This challenge involved a special side channel attack on elliptic curve cryptography. It was one of the hardest challenges in the Ledger Donjon CTF. Writeup by esrever and joachim.

Projective Signatures (500pts)

Note: projective coordinate in this writeup refers to Jacobian coordinate.

The challenge

I’m spending a lot of time on this board that computes ECDSA signatures on secp256k1, with an unknown private key.

Using my favorite oscilloscope, I was able to capture what I think is the computation of this signature.

The public key, written in base 10 is (94443785317487831642935972645202783659685599642218408192269455854005741686810,78142542704322095768523419012865788964201745299563420996262654666896320550926).

I was able to get a lot of signatures of the same message, and to record a power trace each time. Using signature verification, I was able to also retrieve the resulting curve point P each time.

My reasonable assumption is that the developers used the usual formulas: point addition and point doubling

After some time analyzing the traces, I have come to the conclusion that the implementation is really well protected, as I couldn’t find any meaningful signal relative to these operations.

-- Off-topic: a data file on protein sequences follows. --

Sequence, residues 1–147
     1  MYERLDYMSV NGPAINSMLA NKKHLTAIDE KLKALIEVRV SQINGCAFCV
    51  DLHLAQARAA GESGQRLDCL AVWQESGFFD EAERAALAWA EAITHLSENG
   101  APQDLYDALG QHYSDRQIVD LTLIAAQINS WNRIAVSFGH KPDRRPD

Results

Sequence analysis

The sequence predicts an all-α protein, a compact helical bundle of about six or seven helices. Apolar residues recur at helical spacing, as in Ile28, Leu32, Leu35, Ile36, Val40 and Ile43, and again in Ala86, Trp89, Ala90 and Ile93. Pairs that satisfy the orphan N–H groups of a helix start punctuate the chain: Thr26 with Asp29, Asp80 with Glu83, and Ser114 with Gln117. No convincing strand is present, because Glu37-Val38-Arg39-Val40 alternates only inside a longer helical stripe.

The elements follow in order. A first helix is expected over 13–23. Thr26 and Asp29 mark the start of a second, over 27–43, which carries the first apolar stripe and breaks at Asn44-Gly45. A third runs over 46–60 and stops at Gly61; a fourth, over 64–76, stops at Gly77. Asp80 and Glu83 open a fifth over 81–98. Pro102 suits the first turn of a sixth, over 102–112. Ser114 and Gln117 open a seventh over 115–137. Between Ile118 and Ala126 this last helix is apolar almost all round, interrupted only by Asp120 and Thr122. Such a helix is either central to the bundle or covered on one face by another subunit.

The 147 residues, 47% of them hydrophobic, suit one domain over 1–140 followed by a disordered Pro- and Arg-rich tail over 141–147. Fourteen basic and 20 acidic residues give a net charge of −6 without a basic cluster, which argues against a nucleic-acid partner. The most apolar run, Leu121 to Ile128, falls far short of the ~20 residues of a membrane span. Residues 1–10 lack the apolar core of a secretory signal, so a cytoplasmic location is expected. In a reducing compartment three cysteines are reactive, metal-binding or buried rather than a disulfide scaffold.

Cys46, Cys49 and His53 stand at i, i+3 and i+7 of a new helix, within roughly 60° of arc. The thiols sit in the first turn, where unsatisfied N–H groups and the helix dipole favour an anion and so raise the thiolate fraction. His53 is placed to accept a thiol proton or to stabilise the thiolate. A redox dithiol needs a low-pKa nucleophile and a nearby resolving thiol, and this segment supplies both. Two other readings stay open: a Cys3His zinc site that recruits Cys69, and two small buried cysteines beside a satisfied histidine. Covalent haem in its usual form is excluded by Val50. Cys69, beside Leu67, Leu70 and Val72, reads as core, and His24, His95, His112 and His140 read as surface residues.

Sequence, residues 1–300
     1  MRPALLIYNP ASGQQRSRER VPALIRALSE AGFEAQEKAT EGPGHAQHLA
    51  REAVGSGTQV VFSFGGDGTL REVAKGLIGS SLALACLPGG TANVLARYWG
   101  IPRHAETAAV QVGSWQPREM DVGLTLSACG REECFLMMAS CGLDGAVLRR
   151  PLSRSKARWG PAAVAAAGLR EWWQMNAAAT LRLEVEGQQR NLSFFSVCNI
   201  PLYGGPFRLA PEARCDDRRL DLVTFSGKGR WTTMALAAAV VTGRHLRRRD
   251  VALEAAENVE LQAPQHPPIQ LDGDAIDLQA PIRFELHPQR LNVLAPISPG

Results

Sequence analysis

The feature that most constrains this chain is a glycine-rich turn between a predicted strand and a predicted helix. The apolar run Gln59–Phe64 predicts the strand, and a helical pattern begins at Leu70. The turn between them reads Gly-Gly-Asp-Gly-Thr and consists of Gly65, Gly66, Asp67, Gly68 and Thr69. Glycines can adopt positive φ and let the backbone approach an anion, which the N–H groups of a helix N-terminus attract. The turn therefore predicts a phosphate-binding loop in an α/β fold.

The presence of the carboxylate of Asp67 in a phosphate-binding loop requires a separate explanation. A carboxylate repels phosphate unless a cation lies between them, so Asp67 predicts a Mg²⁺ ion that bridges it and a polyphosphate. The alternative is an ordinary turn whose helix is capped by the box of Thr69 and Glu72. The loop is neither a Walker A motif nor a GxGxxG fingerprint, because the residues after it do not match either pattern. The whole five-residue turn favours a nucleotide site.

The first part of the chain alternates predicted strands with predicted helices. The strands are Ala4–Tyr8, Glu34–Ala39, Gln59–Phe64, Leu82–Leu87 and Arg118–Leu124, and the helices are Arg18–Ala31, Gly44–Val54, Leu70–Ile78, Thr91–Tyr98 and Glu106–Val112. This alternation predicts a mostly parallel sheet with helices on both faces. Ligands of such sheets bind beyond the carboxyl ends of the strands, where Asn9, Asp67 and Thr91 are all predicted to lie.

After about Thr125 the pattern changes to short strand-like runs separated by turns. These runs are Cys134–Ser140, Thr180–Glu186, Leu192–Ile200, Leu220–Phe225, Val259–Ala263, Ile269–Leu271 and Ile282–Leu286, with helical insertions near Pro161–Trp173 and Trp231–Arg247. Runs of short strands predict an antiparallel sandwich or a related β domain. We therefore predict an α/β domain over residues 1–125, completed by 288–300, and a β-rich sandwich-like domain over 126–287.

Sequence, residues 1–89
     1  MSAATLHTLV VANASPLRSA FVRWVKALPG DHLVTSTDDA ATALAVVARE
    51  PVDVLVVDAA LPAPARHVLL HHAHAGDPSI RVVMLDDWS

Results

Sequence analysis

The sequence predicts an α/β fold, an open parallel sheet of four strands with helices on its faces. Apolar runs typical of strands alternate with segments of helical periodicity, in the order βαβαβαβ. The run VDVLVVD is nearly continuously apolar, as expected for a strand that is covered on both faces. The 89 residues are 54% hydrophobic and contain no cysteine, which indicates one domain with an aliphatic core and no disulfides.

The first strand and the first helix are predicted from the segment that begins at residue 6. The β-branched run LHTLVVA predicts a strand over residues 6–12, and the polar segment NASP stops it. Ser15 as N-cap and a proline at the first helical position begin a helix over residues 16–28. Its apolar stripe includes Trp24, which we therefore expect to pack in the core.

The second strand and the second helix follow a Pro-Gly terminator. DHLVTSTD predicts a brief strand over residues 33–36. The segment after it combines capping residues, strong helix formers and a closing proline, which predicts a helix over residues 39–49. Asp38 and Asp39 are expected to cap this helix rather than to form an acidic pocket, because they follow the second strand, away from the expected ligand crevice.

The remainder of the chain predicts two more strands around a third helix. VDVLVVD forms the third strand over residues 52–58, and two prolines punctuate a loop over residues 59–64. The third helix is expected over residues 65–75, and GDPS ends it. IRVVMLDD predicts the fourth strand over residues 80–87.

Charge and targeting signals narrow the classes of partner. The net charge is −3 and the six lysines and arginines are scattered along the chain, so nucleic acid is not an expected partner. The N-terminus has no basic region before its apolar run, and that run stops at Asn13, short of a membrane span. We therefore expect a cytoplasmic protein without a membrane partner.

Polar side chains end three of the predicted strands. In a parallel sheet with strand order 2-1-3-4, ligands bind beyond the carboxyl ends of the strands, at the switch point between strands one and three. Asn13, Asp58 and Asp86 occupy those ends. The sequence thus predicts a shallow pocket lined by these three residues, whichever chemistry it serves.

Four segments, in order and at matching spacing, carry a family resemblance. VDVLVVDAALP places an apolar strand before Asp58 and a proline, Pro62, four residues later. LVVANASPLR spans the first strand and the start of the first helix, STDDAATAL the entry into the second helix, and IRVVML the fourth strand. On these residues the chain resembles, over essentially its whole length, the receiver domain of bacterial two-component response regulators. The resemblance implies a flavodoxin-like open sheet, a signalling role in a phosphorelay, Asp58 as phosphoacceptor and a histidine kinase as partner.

However, a small window of several thousands of points seems to be exploitable. This leakage occurs right after the numerous similar patterns of the scalar multiplication, and they should hence correspond to the conversion of the point from a projective coordinates representation to an affine coordinates representation.

Once again, I have a reasonable assumption that the algorithm used to perform the inversion of the Z coordinate is the classic extended binary GCD, that is described for example in Algorithm 1. here.

I don’t have any idea what to do of all this, but I really need this private key!

I extracted from my traces the relevant window. You can download the resulting campaign as an hdf5 file here.

Can you help me retrieve the private key?

The challenge description is quite long, but basically we need to break ECDSA by exploiting extended GCD used for transforming projective coordinates. We also get the following update.

The description of Projective Signatures has been updated to add a precision about the underlying algorithm: The scalar multiplication algorithm is probably performed left to right, bit by bit, as a sequence of double and add operations.

This confuses us for a while: the original description says that the implementation of point addition and point doubling are well protected, but the clarification talks about scalar multiplication. Does that mean they are not really “well protected”? Also, suppose we can get back the projective coordinates by exploiting extended GCD, is there a way to get nonce k by comparing projective coordinates of G and k * G?